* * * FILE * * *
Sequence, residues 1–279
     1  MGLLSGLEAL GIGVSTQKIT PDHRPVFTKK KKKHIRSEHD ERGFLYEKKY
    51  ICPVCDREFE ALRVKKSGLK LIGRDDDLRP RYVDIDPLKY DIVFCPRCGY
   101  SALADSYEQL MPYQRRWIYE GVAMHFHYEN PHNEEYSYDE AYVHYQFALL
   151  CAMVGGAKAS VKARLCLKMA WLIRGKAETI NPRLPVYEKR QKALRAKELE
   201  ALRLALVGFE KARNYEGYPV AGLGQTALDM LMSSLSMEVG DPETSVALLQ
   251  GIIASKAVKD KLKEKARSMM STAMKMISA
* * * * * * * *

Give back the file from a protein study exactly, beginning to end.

Sequence, residues 1–279
     1  MGLLSGLEAL GIGVSTQKIT PDHRPVFTKK KKKHIRSEHD ERGFLYEKKY
    51  ICPVCDREFE ALRVKKSGLK LIGRDDDLRP RYVDIDPLKY DIVFCPRCGY
   101  SALADSYEQL MPYQRRWIYE GVAMHFHYEN PHNEEYSYDE AYVHYQFALL
   151  CAMVGGAKAS VKARLCLKMA WLIRGKAETI NPRLPVYEKR QKALRAKELE
   201  ALRLALVGFE KARNYEGYPV AGLGQTALDM LMSSLSMEVG DPETSVALLQ
   251  GIIASKAVKD KLKEKARSMM STAMKMISA